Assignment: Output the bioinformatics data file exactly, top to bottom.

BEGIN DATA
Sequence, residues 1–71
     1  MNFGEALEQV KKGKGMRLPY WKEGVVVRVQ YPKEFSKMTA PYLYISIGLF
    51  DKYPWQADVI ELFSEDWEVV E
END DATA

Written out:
Sequence, residues 1–71
     1  MNFGEALEQV KKGKGMRLPY WKEGVVVRVQ YPKEFSKMTA PYLYISIGLF
    51  DKYPWQADVI ELFSEDWEVV E